There’s no quibbling over the impact of the Court’s decision today. “What the Supreme Court did was to put a dagger in the heart of the Voting Rights Act of 1965,” a visibly shaken Rep. John Lewis told ABC News. “This act helped liberate not just a people but a nation.” The civil rights hero is pessimistic that Congress will be able to agree on new jurisdictions and enforcement measures to put teeth back in the act. “In 2006, we had the ability and capacity to come together in bipartisan fashion to renew the Voting Rights Act of 1965,” Lewis said. “I’m not so sure whether we have the will to do what we must do and should do.”
It is certainly true that some states that aren’t covered by Section 5 are imposing new voter restrictions: harsh ID laws in Pennsylvania, a cutback in early voting in Ohio and Wisconsin, and an end to the Sunday before Election Day voting hours that the black community had claimed for a last “Souls to the Polls” push in Wisconsin and other places. That doesn’t mean the covered states have stopped looking for ways to limit voting rights, but in a better world, Congress might well extend Section 5 to cover more states.
But this isn’t that world. Despite Johnson’s strong leadership, the 1965 Voting Rights Act passed with a higher percent of Republicans supporting it than Democrats, given that segregationist Democrats ran the South. But since then, the parties have to an extent traded sides. It’s true, and praiseworthy, that in 2006 Republicans supported the act’s reauthorization. But after President Obama was elected with record-breaking turnout by black and Latino voters in 2008, at least 38 states have tried to place new restrictions on voting, whether by increasing requirements to register or by limiting the number of days and locations where people can vote. Every single one of those laws, whether proposed or enacted, was sponsored by a Republican. Sadly, just since 2006, voting rights protection has become a partisan issue.
On one level, I find myself thinking along similar lines as Antonin Scalia – that it’s hard to trust politicians with voting rights decisions -- although my political reasoning is exactly the opposite of his.
The paradox at the heart of voting rights protection is this: the elected officials charged with protecting those rights via legislation and other means may well be invested in curbing them instead. That paradox was best viewed in the Jim Crow South, but it’s been apparent going back to Richard Daley’s Chicago and Republican Gov. Tom Corbett’s Pennsylvania and Scott Walker’s Wisconsin. The current partisan battle over immigration reform is in part a voting rights skirmish; since conservatives like Ann Coulter believe Latinos are irretrievably Democrats, they don't know why Republican leaders would want to give citizenship and voting rights to 11 million new Democrats.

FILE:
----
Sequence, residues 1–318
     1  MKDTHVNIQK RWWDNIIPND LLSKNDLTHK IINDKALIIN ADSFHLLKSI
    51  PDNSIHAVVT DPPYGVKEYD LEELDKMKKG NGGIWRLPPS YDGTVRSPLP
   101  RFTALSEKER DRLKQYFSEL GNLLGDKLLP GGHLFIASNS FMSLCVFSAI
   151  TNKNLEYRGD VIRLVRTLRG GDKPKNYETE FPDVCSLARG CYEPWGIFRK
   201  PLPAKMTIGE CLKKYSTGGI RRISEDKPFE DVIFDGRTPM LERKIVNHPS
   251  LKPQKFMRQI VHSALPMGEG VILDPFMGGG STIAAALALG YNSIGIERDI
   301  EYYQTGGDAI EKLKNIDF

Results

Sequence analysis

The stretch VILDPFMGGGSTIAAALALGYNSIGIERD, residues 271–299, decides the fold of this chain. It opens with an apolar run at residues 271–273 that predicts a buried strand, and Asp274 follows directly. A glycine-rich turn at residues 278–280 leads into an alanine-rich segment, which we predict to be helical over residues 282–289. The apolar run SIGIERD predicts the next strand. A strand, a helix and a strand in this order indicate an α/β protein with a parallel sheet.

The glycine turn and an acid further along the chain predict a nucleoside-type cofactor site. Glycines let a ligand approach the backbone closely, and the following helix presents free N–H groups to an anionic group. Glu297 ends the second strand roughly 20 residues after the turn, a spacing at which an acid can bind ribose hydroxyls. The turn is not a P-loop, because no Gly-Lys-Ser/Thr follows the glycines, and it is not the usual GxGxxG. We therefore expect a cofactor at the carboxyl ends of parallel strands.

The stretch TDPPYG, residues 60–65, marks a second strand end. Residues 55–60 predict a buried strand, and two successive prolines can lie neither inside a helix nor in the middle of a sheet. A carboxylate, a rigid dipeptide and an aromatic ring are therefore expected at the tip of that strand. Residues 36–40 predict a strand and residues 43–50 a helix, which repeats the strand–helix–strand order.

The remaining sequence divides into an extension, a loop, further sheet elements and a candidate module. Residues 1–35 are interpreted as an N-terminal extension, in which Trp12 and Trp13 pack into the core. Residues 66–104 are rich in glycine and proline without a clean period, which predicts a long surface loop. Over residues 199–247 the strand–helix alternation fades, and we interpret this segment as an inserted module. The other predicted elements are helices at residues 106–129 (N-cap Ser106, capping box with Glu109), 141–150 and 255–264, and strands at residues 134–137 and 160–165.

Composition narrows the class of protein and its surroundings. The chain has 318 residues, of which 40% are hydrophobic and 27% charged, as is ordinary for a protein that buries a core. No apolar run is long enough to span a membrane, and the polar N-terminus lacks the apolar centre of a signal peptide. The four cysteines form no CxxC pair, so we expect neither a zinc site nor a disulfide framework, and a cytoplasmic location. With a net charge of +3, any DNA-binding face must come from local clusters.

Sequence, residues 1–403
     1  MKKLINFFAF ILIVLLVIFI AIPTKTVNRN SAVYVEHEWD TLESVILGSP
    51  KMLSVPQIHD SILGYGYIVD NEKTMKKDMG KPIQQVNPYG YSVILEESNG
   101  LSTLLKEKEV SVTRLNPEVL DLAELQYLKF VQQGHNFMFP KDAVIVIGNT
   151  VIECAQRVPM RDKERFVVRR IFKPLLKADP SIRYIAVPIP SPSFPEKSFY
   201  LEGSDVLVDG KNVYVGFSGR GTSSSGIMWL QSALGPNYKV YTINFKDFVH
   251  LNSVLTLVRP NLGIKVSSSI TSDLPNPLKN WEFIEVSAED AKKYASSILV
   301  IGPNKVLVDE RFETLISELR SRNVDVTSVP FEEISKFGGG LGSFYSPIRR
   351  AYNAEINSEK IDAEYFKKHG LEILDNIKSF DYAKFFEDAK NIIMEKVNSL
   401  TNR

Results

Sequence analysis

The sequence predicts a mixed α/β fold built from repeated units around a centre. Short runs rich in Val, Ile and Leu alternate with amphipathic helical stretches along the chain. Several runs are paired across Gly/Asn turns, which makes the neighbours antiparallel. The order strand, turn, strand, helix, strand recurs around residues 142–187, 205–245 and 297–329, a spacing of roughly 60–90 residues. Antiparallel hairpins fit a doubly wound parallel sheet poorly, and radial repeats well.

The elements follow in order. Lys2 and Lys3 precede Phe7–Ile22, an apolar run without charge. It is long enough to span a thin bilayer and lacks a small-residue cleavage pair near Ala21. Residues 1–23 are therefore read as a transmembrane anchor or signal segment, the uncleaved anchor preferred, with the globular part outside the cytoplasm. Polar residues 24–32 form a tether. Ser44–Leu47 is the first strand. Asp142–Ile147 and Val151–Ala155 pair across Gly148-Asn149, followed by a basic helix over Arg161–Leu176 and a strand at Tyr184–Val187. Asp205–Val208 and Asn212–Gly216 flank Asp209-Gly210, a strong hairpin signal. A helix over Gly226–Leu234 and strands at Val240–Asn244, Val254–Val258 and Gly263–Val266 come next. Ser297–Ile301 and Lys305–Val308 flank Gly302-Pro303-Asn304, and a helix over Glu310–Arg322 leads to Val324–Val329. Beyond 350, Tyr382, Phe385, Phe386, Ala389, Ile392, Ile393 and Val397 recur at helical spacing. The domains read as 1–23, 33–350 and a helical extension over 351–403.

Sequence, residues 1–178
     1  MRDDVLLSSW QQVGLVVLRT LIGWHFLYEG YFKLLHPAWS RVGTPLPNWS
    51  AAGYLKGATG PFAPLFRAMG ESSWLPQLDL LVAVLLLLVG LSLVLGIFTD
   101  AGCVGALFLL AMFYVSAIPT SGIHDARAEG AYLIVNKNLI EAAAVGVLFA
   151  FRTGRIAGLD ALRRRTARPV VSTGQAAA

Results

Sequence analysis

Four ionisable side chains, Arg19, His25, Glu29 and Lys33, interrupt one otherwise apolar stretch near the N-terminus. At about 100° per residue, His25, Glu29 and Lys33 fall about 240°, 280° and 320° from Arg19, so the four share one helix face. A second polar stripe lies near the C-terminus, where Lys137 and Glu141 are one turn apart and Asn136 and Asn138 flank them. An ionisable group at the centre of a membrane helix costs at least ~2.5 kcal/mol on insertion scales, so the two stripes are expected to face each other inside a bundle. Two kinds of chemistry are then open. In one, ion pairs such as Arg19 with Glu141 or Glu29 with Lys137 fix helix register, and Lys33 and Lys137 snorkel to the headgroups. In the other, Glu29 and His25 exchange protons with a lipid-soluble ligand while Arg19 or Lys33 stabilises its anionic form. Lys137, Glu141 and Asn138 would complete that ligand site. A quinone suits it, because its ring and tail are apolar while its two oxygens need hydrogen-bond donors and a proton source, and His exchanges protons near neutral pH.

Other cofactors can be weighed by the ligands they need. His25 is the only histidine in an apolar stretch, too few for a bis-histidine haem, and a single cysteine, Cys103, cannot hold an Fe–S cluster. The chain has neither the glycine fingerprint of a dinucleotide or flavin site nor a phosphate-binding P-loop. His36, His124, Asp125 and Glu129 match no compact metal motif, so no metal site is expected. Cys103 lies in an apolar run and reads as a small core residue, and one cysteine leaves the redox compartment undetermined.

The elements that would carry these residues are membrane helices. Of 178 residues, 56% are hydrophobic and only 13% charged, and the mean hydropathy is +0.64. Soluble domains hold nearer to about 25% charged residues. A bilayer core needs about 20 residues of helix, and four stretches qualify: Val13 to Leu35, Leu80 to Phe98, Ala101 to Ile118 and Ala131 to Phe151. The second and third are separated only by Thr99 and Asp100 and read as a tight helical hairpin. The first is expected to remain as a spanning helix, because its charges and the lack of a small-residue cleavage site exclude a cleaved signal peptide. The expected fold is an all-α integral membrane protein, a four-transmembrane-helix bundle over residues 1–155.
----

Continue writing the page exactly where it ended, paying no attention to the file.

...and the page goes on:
It’s also sad to realize that the same tyrannical minority that has devoted itself to blocking the majority’s will on immigration reform, gun control, tax reform, jobs and climate change is also unlikely to do the right thing on voting rights protection. And yet, that’s the truth. That’s why a lot of progressive groups have been arguing that we need a new civil rights mobilization to expand voting rights protection, which can in the long term lead to turning out, or turning around, that intransigent GOP minority.
At Netroots Nation I moderated a great panel on what that movement might look like – it would change Senate rules, overturn or counteract Citizens United as well as push for broader voter empowerment. The NAACP’s Ben Jealous told the audience that no matter what their No. 1 issue is – women’s rights, labor rights, the environment, jobs – their No. 2 issue must be voting rights. Today’s decision proved him right. Civil rights leaders are talking about making the 50th anniversary of the 1963 March on Washington a dramatic voter empowerment event, and that would be great.
Early Tuesday John Lewis tweeted that this SCOTUS decision came down on the 49th anniversary of the day three civil rights volunteers disappeared in Mississippi – James Chaney, Mickey Schwerner and Andrew Goodman were reported missing by their Freedom Summer allies the night of June 25, 1964; they were found murdered days later. The killings helped galvanize public will behind the Voting Rights Act. I'm not sure what will galvanize a new movement for voting rights, but it's got to take off today.